Workers and state regulators have filed multiple lawsuits against McDonald’s, the national fast-food chain, and its franchisees for alleged violations of state and federal wage and hour laws. The company has faced widespread protests from employees, who allege that they have been denied overtime pay. A federal lawsuit filed in mid-March 2014 in New York claims that the company regularly failed to pay employees for time they were required to be at work, failed to pay overtime as required by law, and did not reimburse employees for certain work-related expenses. The New York Attorney General’s office announced around the same time that it has settled a claim against a McDonald’s franchisee regarding violations of state wage and hour laws.
Six McDonald’s employees filed a putative class action lawsuit against McDonald’s for violations of the federal Fair Labor Standards Act (FLSA) and New York laws regulating minimum wage and the cost of maintaining work uniforms. Beard, et al v. McDonald’s Corp., et al, No. 1:14-cv-01664, complaint (E.D.N.Y., Mar. 13, 2014). McDonald’s has annual gross revenues of more than $27 billion, according to the complaint, and it directly operates thirty-four restaurants in New York out of more than 33,000 around the world. The plaintiffs work at McDonald’s restaurants in the Queens, New York area. Their job duties include working the cash registers and drive-through windows, food preparation, restocking, and cleaning.
The plaintiffs state that they are paid a “nominal hourly rate only at or slightly above the minimum wage.” Id. at 2. The company requires them to maintain their own work uniforms, but does not reimburse them for maintenance expenses. It also does not pay them for time spent on uniform maintenance. Because of this additional, uncompensated work time, the plaintiffs claim that their wages are below the minimum set by the FLSA and state law. The lawsuit claims violations of the New York Hospitality Industry Wage Order, 12 N.Y.C.R.R. Part 146, which requires employers to reimburse employees for certain expenses related to uniform maintenance, as well as minimum wage violations under FLSA and state law.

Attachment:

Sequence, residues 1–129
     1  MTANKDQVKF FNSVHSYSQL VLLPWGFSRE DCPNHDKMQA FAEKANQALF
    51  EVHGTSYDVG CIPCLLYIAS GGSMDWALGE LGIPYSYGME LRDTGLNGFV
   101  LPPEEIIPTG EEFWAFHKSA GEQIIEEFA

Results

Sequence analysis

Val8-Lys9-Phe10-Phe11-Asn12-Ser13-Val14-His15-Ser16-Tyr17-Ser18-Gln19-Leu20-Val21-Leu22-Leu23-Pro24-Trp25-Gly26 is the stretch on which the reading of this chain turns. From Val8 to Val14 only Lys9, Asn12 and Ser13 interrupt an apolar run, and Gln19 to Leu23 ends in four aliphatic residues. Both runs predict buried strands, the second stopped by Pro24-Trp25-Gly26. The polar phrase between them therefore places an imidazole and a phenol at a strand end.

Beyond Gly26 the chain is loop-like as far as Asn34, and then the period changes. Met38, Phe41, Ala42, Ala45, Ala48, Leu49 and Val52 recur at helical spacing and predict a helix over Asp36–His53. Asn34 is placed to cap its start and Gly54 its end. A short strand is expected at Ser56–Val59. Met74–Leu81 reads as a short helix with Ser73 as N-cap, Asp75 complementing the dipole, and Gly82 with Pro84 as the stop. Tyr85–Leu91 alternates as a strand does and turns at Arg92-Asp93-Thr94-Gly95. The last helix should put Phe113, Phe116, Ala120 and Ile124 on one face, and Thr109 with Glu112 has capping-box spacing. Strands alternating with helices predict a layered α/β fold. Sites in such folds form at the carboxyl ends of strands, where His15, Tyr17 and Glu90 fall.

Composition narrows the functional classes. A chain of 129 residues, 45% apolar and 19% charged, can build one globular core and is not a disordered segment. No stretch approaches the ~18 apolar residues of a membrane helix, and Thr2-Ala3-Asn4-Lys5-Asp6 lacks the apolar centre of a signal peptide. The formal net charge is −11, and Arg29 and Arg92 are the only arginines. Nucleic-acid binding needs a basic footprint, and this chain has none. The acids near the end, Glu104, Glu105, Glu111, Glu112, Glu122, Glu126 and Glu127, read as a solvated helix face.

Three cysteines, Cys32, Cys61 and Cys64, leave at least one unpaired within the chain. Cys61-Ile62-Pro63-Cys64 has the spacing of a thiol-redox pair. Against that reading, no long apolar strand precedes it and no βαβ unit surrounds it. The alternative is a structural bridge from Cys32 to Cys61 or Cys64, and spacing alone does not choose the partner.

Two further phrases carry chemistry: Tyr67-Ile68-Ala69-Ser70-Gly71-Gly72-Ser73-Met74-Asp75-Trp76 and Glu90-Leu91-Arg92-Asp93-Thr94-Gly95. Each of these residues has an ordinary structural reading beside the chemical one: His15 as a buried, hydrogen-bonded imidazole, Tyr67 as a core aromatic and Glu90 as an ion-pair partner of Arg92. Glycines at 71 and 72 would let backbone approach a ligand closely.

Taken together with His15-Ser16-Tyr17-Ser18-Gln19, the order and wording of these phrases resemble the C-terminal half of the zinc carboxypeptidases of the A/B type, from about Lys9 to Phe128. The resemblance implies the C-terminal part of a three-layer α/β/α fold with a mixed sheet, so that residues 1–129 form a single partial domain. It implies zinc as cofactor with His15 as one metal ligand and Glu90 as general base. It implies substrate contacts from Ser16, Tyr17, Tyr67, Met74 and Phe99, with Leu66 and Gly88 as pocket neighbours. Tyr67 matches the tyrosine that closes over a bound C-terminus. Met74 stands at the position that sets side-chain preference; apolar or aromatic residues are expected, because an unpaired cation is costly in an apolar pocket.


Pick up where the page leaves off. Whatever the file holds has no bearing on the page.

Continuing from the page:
The New York Attorney General’s office announced in mid-March that it reached a settlement with the owner of seven McDonald’s restaurants in Manhattan in a lawsuit with similar allegations to those of the Beard case. The owner of the restaurants, who operated them through a franchise agreement with McDonald’s Corporation, employed about seven hundred people as cashiers, according to the Attorney General. These employees were reportedly required to work “off the clock” before and after some shifts, and were required to cover shortfalls in register amounts out of their own wages.
When their wages are applied to the total amount of time spent at work, the hourly amount was less than minimum wage, which is a violation of state labor law. The franchisee also required employees to maintain their work uniforms and did not reimburse them for those expenses. Under the settlement agreement, the franchisee will pay around $500,000 to the Attorney General, which will distribute the funds to the approximately 1,600 affected employees.
If you need to speak to an employment attorney in New Jersey or New York, please contact the Resnick Law Group today at 973-781-1204 or (646) 867-7997.
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FLSA Protections May Be Available to Undocumented Immigrant Employees in New Jersey, The New Jersey Employment Law Firm Blog, February 21, 2014
Liquidated Damages Award in FLSA Case Reminds Employers in New Jersey and Across the U.S. to Comply With Wage Laws, The New Jersey Employment Law Firm Blog, January 10, 2014